The Rose of Amaranth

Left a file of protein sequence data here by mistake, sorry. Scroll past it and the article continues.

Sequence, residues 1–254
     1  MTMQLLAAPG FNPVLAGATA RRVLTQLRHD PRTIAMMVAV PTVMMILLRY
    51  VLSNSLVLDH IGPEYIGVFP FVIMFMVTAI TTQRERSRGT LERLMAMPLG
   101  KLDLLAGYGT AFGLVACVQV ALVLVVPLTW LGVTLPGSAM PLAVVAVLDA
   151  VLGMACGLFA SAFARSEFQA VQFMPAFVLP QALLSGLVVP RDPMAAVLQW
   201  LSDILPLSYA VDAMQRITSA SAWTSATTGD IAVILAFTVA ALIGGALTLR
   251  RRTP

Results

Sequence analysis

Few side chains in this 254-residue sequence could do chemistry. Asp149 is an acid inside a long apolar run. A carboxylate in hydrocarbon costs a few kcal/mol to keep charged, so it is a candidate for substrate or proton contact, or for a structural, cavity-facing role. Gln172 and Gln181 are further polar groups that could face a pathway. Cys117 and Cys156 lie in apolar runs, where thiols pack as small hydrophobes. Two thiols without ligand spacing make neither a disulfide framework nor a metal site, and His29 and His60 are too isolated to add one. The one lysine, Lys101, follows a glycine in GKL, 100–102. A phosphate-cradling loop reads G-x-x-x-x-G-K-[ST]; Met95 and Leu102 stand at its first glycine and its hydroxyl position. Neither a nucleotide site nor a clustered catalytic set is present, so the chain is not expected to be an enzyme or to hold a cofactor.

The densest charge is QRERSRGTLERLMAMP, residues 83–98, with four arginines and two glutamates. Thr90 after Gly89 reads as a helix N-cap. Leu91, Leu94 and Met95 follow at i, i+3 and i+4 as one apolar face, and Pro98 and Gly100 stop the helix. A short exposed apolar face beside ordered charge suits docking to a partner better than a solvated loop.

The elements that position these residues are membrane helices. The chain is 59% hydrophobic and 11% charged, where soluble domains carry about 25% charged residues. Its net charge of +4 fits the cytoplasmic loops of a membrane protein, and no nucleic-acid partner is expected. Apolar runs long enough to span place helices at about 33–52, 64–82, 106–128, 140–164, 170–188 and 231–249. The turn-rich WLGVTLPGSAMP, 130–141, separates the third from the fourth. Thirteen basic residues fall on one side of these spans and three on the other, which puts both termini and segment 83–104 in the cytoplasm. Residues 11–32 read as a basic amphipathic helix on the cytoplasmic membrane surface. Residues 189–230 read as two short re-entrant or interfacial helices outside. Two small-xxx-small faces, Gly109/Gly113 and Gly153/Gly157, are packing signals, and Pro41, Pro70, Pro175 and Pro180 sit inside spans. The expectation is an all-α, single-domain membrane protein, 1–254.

Driving home to visit family for the weekend I stopped at the traffic light just within the city limits. A sprinkle of rain covered my windshield and I reached for the wiper button. In the dim light of sunset, a city bus bench captured my attention. The scene reminded me of Rosemary, my first day of senior high school, and all the things one thinks they have forgotten. In the face of heartbreak, we take the position of believing everything will be fine, time will move on, and the sun will rise the next day. What we discover is each day melts into another until one day you realize a lifetime has passed.